I’ve been working with lots of teams in different organisations over the past few years on a question that generally starts along the lines of “We’d like to know how to use Product X”, where ‘Product X’ is one of Microsoft Office 365, Google G Suite, Slack or one of many of the dozens of products that are touted as being able to help you and your team collaborate more effectively.
The challenge with these tools is that they make a few major assumptions. Some of those are cultural assumptions about the way that organisations work that are based on the premise that all organisations work pretty much like a (usually West-coast American) software company. This is a fatuous assumption that is rarely if ever challenged, and is the subject of a forthcoming blog post.
There are also assumptions that people know what they mean by “Collaboration” and would also be able to identify improvements in collaboration. This is also fatuous. My research over the past five years has shown that, generally, there are seven different kinds of ways in which people might work with one another (another blog post on that to come) and have four general reasons why they would want to improve it (I’m building up a backlog of posts here, it seems – but you can get an overview here: Collaboration Cheat Sheet).
But one of the hardest assumptions to overcome is that people actually understand how they work at the moment. It’s all very well trying to understand how a group of people might work differently using a new technology, but if they don’t understand the reality of the present, then you are on a hiding to nothing.
In the past few months, I’ve been using a technique that is loosely adapted from the idea of “rich pictures” that was stolen from the Soft Systems Methodology created by Michael Checkland and other at Shell in the 1980s. The key word in that last sentence is “loosely”. It helps a group of people to explore how they currently work, and therefore spot opportunities for change and improvement using technology. It goes a little something like this:
You will need a box of Artefact Cards or PostIt notes in at least 4 different colours (3 if you’re using the cards as you can use the white reverse side). You’ll also need a table top to work on.
2 Warming up
I quite often will use a visual metaphor game to get people thinking, using a pack of random photos spread out on a table or on the floor. Ask participants to pick two photos, one that somehow represents how they currently think they work as a team, and another that shows something about how they might work better in the future. If you don’t have a pack of random photos, you can download my set here: https://photos.app.goo.gl/2fwbtGT6lZQzIFy43
You end up with something like:
It gets people thinking, and the photos get people to express things that often they’d find hard to otherwise articulate.
Now into the meat of it. The first step is to get people to map out the different people with whom they interact. That might be specific names individuals, it might be types of people, it might be other teams. Asking questions of “who is that/who are they” help to get the group to articulate at the right granularity.
I usually do this at first individually – give everyone a set of blank cards and a pen. Make sure all the cards are of the same colour. Then you can play “Snap” (this really doesn’t work as well with PostIts, but you can try), where people take turns to reveal a card and then if others have the same one they lay them down on top. Cards get laid out across the table top.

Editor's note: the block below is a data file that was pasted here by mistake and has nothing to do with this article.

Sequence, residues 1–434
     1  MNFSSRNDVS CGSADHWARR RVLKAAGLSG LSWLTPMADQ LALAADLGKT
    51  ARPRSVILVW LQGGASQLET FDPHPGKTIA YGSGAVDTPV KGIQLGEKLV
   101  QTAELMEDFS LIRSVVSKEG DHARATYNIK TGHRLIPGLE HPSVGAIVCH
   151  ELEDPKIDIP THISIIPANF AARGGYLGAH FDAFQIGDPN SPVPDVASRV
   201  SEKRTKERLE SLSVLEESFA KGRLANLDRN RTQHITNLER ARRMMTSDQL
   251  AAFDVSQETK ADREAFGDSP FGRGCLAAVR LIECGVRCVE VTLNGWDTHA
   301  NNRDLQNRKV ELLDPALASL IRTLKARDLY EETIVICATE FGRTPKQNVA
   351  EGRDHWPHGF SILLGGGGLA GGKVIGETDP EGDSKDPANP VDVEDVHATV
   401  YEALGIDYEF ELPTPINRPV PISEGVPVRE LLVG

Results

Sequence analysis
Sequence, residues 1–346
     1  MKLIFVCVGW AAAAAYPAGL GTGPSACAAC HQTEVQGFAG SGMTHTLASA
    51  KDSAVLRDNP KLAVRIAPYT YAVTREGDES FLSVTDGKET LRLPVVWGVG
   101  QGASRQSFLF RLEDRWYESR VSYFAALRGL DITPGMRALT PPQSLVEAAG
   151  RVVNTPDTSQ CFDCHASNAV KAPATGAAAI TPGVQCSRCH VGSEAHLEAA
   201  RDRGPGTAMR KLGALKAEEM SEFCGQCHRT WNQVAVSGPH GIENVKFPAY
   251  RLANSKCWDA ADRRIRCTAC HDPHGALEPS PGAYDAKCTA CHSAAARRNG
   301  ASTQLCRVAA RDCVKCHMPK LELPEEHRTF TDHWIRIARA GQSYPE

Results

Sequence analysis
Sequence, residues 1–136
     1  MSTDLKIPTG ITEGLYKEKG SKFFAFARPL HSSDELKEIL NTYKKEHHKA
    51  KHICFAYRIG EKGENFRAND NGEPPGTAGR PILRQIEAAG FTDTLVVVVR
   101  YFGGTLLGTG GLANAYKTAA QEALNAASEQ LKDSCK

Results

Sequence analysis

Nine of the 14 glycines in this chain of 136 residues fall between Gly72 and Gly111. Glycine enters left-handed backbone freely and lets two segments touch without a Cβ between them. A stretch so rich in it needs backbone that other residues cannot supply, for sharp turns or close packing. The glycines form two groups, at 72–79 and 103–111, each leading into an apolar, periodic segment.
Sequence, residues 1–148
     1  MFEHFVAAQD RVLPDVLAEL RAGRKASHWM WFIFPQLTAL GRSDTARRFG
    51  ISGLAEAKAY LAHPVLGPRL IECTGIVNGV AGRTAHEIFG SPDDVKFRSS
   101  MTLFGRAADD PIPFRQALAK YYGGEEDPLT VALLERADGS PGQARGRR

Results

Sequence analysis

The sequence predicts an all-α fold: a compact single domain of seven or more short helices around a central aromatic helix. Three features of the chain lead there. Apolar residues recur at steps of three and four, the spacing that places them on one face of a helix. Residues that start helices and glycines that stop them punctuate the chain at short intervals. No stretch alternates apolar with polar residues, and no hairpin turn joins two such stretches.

Lay the cards where they feel sensible to the group – you’ll find a clump around members of the immediate team, and then different clumps for people and groups outside (customers, suppliers, other internal groups and so on). This is as much art as science – go with what feels right to the group. Cards are much better as people are more inclined to move them about than stuck-down PostIts.
Next up you want the group to identify the things that they create – the information artifacts. Types of documents, requests, meetings… they should be described as things independent of any system (“Project Report” not “Word Document”). These go down on a different colour where it makes sense to place them. If the people cards need to start moving around, so be it.
Again on a different colour, identify the systems and media that are used. That might include face-to-face or paper-based channels as well as IT systems, telephones and so on. You might have picked up on some of these already, so it’s good as a facilitator to have noted those down as the discussion flowed before. There might be some artifacts that cannot be separated from their system – that’s also fine.
6 Opportunities and pain points
Having had the discussion to get you this far, you’ll now be in a position to (in a final colour) pick out current points of pain, or opportunities for improvement.
An example final state from an HR team is shown below. Yellow and orange (I ran out of yellow) represent people, Blue artifacts, Green Systems and White Opportunities and Pain Points. Those last things are then where you focus the team on helping to find ways to explore the new technology.
You’ll almost certainly also pull out a bunch of issues that are more systemic, and finding ways to help the team address those (not through the magic application of software) is probably where the most value is to be had in this whole exercise.
If you’re interested in me helping you to run similar sessions in your organisation, just drop me a line.
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